Finally, researchers delicately thread thin optical fibres down through layers of nervous tissue and deliver light to just the right spot. Thanks to optogenetics, neuroscientists can go beyond observing correlations between the activity of neurons and an animal’s behaviour; by turning particular neurons on or off at will, they can prove that those neurons actually govern the behaviour. “Sometimes before I give talks, people will ask me about my ‘imaging’ tools,” said Deisseroth, 39, a practicing psychiatrist who started a research laboratory in 2004 to develop and apply optogenetic technology.

In early experiments, scientists showed that they could make worms stop wiggling and drive mice around in manic circles as if by remote control. Now, laboratories around the world are using it to better understand how the nervous system works, and to study problems including chronic pain, Parkinson’s disease and retinal degeneration.

Dr Amit Etkin, a Stanford psychiatrist and researcher who collaborates with Deisseroth, is trying to translate the findings about anxiety in rodents to improve human therapy with existing tools.

Dr Jaimie Henderson, their colleague in the neurosurgery department, has treated more than 600 Parkinson’s patients using a standard procedure called deep brain stimulation. The treatment, which requires implanting metal electrodes in a brain region called the subthalamic nucleus, improves coordination and fine motor control. But it also causes side-effects, like involuntary muscle contractions and dizziness.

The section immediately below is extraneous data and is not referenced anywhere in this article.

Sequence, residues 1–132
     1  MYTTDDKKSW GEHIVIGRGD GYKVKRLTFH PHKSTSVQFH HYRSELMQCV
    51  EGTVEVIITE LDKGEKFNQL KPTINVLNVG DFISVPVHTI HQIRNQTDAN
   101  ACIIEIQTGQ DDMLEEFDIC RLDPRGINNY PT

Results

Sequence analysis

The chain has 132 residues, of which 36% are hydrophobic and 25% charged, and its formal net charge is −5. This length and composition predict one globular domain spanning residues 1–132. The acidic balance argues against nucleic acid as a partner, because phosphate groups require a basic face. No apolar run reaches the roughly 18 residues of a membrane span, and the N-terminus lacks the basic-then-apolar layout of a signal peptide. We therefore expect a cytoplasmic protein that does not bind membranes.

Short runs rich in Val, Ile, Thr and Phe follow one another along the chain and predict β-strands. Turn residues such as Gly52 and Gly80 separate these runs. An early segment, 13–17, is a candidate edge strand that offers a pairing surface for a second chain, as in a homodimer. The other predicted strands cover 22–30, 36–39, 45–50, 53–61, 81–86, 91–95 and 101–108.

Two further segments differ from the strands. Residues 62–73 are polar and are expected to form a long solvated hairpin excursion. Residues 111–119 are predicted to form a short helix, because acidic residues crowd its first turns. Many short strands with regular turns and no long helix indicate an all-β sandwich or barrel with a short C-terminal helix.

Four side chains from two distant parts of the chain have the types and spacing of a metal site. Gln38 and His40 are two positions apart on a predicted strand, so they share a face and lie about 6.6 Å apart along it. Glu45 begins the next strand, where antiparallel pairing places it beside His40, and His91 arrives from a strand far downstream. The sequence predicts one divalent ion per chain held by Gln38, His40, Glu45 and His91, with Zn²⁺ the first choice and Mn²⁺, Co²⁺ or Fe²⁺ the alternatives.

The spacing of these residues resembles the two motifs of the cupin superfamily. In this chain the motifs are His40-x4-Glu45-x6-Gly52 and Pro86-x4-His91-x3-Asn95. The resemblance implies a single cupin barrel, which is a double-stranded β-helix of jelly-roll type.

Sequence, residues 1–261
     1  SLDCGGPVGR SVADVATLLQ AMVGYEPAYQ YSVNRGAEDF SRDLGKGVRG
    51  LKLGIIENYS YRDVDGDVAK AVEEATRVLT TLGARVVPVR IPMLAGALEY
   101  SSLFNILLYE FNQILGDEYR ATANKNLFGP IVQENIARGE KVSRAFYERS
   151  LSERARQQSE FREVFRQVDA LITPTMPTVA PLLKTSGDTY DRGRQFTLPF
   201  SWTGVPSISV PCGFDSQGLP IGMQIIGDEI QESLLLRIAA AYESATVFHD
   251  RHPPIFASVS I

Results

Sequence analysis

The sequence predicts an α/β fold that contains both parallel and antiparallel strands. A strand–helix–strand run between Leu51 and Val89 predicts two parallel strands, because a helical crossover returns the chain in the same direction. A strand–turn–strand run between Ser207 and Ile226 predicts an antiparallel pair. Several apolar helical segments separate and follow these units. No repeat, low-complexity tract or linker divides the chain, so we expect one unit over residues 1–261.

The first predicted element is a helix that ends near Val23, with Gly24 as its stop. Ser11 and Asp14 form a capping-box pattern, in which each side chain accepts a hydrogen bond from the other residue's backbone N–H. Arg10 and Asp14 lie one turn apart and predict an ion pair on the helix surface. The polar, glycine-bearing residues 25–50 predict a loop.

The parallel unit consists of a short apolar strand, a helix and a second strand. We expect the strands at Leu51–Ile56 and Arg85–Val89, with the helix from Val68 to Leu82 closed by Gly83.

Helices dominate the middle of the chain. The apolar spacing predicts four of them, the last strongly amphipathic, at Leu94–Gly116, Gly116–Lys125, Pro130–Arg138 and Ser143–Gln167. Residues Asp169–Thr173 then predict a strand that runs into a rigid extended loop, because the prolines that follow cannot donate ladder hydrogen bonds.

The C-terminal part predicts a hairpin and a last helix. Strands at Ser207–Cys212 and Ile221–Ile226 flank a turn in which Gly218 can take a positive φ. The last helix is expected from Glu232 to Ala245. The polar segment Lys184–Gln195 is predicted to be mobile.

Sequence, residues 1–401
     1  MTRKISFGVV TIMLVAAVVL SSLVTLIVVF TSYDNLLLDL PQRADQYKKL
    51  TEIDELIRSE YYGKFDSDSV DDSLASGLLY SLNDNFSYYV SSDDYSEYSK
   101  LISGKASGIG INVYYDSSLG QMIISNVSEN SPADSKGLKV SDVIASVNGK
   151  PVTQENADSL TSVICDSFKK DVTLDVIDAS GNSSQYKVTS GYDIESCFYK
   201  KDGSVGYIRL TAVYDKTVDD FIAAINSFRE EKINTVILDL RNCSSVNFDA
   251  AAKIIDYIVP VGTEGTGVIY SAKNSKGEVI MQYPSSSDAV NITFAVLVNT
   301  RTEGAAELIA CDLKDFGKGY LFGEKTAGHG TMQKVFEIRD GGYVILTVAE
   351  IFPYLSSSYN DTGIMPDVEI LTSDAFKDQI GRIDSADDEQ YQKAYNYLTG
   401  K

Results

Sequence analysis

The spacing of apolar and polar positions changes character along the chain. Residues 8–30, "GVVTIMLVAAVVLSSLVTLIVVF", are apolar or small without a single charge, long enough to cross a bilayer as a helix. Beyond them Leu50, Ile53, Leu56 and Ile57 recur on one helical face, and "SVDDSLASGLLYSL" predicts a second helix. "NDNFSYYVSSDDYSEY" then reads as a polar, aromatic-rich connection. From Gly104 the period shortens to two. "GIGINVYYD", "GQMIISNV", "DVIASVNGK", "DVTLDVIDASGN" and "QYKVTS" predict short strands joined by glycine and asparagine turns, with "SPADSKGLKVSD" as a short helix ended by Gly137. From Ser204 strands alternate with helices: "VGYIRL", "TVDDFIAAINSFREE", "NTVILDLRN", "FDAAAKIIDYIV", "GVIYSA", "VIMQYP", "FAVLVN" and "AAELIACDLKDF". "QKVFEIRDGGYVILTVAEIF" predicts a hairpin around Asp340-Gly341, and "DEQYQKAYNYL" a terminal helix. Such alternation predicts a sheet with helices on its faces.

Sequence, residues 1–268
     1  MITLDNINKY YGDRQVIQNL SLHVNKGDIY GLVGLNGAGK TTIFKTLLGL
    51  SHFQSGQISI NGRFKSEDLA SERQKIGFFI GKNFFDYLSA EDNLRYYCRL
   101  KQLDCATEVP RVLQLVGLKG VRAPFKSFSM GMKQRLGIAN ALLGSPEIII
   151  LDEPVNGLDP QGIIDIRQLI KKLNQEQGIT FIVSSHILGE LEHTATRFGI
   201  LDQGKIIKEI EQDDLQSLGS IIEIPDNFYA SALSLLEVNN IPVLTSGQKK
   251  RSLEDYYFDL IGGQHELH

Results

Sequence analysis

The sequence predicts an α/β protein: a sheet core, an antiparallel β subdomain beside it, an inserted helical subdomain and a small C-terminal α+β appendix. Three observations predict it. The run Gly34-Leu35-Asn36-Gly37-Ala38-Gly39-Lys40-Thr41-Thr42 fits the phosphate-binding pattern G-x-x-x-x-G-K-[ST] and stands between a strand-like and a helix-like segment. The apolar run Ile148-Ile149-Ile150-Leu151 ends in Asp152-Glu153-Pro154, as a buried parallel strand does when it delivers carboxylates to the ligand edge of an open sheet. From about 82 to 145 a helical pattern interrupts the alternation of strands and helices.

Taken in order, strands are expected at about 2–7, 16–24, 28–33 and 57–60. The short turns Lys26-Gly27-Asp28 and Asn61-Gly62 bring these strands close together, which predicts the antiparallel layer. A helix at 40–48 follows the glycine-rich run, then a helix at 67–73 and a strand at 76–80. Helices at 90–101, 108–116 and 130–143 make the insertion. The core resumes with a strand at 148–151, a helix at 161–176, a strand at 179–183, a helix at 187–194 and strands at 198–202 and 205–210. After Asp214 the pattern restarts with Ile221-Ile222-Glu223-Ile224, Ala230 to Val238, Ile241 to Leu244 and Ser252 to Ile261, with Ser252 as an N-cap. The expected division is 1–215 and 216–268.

Moreover, as with any invasive brain surgery, implanting electrodes carries the risk of infection and life-threatening hemorrhage. What if you could stimulate the brain’s surface instead? A new theory of how deep brain stimulation affects Parkinson’s symptoms, based on optogenetics work in rodents, suggests that this might succeed. Henderson has recently begun clinical tests in human patients and hopes that this approach may also treat other problems associated with Parkinson’s.

Opsins in rhesus monkey brains

In the building next door, Krishna V Shenoy, a neuroscience researcher, is bringing optogenetics to work on primates. Extending the success of a similar effort by an MIT group led by Robert Desimone and Edward S Boyden, he recently inserted opsins into the brains of rhesus monkeys. They experienced no ill-effects from the viruses or the optical fibres, and the team was able to control selected neurons using light. Shenoy, who is part of an international effort financed by the Defense Advanced Research Projects Agency, says optogenetics has promise for new devices that could eventually help treat traumatic brain injury and equip wounded veterans with neural prostheses.

“Current systems can move a prosthetic arm to a cup, but without an artificial sense of touch it’s very difficult to pick it up without either dropping or crushing it,” he said. “By feeding information from sensors on the prosthetic fingertips directly back into the brain using optogenetics, one could in principle provide a high-fidelity artificial sense of touch.”

Boyden, who participated in the early development of optogenetics, points out that light, unlike drugs and electrodes, can switch neurons off – or as he put it, “shut an entire circuit down.” And shutting down overexcitable circuits is just what you’d want to do to an epileptic brain.

New York Times News Service